Tax-free childcare for wealthy families should be cut to raise funds to help the poorest children, according to a new report.
It suggests that up to £238 million could be saved if the Government’s new childcare vouchers scheme was limited to families with parents earning £60,000 or less.
Under the proposals, which are currently being consulted on, families where both parents work could get tax breaks worth £1,200 per child. The vouchers will be available to parents earning up to £150,000, so a couple with a combined income of £300,000 could claim them.
A new report published by the Policy Exchange think tank recommends that this cap is lowered, and that the money saved is ploughed back into raising the quality of childcare for pre-schoolers from deprived backgrounds. Reducing the threshold to £100,000 will save £52 million, lowering it to £75,000 will save £145 million and cutting it to £60,000 would save £238 million, it says.
Under the lowest threshold, families with two parents working, with a joint income of £120,000 would be eligible under the think tank’s recommendation. Children’s centres, local councils and other groups could bid for funding to use to raise the quality of childcare in poorer neighbourhoods, the report suggests.
It says that while it backs the Government’s move to ring-fence money to pay for free early years education for poor two-year-olds, more needs to be done to ensure that these youngsters are getting high-quality childcare and education. “Government should therefore consult on lowering the cap on parental income eligibility for tax-free childcare, and reinvest the money in a time limited pot of seed funding that local authorities, early years providers, or individual children’s centres could bid for with a specific evidence based proposal in order to raise the quality of childcare in deprived areas.”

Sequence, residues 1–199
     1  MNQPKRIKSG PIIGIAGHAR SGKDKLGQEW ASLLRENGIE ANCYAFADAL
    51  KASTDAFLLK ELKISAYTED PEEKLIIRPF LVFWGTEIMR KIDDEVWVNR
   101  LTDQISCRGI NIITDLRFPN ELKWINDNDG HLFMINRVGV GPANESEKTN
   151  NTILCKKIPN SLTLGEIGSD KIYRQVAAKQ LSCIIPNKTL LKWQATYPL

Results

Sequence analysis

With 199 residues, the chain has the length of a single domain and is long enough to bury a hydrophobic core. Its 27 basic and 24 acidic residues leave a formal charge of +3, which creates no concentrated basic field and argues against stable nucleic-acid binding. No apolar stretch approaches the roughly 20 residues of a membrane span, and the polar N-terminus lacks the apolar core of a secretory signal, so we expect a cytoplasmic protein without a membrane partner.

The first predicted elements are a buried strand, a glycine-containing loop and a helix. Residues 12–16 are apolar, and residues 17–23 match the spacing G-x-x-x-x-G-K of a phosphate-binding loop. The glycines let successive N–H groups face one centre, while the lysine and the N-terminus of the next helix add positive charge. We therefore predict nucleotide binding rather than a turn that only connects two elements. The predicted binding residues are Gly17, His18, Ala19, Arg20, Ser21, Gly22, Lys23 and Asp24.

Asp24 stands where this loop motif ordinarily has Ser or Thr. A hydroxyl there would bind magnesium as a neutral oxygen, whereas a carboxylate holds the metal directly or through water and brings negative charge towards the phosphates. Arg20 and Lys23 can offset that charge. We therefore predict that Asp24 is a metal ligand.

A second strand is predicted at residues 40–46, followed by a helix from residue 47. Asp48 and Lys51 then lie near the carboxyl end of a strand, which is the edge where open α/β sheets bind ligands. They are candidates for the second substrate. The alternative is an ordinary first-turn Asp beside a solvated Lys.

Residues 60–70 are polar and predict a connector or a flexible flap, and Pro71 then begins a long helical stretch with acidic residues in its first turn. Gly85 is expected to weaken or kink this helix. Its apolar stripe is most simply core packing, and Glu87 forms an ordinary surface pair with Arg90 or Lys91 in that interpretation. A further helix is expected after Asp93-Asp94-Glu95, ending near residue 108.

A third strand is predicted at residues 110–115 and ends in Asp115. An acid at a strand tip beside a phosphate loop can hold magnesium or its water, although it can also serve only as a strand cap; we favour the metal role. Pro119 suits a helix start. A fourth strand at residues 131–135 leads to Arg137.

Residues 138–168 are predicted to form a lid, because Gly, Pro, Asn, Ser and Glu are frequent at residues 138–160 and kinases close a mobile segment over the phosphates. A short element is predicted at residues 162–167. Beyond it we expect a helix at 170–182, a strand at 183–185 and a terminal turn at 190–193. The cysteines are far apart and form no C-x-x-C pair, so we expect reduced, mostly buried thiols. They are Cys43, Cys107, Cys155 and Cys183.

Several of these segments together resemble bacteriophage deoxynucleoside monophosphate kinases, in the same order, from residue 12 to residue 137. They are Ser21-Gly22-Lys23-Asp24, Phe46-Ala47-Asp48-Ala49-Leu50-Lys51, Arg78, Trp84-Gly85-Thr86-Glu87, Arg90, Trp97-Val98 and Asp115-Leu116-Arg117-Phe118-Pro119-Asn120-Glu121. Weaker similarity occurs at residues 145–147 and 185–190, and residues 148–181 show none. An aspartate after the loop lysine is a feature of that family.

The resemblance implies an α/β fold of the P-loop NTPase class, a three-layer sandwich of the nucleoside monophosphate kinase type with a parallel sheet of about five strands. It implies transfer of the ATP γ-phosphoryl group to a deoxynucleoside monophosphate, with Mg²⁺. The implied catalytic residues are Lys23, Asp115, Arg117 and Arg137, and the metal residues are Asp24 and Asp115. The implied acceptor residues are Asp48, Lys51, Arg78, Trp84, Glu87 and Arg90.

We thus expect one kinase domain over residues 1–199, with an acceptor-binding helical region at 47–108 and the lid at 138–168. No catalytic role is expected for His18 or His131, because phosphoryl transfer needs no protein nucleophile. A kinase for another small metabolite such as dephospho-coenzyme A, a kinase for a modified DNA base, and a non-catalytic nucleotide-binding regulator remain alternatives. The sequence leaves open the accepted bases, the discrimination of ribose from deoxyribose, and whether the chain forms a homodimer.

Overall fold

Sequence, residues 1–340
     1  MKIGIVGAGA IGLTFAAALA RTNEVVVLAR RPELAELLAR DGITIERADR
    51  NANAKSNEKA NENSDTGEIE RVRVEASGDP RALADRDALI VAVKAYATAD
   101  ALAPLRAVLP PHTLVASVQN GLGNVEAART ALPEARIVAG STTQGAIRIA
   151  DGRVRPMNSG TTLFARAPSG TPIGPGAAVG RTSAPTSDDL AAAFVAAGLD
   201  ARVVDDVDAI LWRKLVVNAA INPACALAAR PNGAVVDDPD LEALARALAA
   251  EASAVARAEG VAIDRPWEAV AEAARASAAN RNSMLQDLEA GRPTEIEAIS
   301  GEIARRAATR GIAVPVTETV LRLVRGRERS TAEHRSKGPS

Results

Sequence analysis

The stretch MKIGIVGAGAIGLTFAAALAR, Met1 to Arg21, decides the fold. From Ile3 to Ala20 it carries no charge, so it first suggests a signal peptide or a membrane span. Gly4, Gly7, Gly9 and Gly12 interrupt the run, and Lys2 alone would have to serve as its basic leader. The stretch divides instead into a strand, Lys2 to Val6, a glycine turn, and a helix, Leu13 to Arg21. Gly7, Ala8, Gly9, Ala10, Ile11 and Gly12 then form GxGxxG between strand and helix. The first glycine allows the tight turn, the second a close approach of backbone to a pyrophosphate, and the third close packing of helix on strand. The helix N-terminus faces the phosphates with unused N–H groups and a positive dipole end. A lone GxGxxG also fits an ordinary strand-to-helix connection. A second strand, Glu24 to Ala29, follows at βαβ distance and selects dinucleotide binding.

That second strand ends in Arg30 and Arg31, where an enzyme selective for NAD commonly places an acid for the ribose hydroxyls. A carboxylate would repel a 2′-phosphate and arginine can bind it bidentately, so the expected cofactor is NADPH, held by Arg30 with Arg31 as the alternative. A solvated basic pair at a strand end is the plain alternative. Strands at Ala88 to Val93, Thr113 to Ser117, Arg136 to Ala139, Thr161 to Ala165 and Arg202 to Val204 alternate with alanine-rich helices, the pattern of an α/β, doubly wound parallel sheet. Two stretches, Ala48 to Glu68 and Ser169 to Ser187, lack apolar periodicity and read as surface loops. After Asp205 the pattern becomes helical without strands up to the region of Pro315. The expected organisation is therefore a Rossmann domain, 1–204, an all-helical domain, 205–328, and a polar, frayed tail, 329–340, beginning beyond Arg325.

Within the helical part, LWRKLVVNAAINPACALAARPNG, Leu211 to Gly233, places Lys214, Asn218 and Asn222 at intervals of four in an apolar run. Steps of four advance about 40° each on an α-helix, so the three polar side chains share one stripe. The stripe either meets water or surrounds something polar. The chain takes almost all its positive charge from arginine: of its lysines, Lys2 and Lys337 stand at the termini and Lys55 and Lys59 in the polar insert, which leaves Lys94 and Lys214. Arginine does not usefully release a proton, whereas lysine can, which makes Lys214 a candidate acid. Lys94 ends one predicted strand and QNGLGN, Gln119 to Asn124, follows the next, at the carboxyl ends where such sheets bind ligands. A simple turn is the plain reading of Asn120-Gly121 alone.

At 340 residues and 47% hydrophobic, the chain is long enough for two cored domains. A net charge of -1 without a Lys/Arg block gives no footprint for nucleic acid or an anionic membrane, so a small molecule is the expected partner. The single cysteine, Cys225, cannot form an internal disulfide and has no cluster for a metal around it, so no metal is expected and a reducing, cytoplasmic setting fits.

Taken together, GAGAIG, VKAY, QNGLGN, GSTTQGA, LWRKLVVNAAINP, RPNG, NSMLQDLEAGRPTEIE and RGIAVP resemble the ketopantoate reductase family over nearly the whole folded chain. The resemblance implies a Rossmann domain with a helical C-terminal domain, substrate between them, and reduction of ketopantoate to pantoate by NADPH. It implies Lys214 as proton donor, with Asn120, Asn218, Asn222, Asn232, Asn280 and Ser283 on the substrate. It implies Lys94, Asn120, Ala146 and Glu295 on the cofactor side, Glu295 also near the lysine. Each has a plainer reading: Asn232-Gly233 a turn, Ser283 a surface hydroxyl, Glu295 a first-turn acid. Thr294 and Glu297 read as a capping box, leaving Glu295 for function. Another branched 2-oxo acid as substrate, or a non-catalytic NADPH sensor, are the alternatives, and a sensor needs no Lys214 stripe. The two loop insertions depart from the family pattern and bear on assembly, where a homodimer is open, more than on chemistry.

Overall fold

The Policy Exchange also calls for Children’s Centres, which used to be known as Sure Start Children’s Centres, to return to their original mission of helping families in disadvantaged areas.
Between 2004 and 2010 there was a massive expansion of the Centres, which were first set up under Tony Blair’s Labour government, with an aim of having one in every community by 2010. The report says that since 2010, funding for these Centres has been cut by 28%. But it adds that despite the cuts, only 35 Centres had closed by last April – around 1% of the total – with other Centres merging. Around two thirds (67%) of the UK population live within a mile of one of the Centres.
Study author Harriet Waldegrave said: “We should be concerned about children – mostly poor children – who are falling behind at a young age. Their potential to grow into happy, talented and not to mention economically productive adults is being squandered. But if we are going to maximise the chances of Children’s Centres breaking the cycle, the limited funds we have to do this need to be focused on children in the most deprived areas.”
A Government spokeswoman said: “Tax-free childcare will help working parents by giving them more choice and better access to the quality, affordable childcare they need. Once fully up and running, the scheme will be available to up to 2.5 million families and will save a typical working family with two children under 12 up to £2,400 per year. However, the overall system of childcare support remains focused on lower income families, who can claim up to 70% of their childcare costs through working tax credit. In addition, we have extended the free entitlement to the 20% most disadvantaged two-year-olds, and from September 2014 this will be extended … around 40% of two-year-olds will be eligible for 15 hours a week of free early education.”
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'No childcare vouchers for wealthy'
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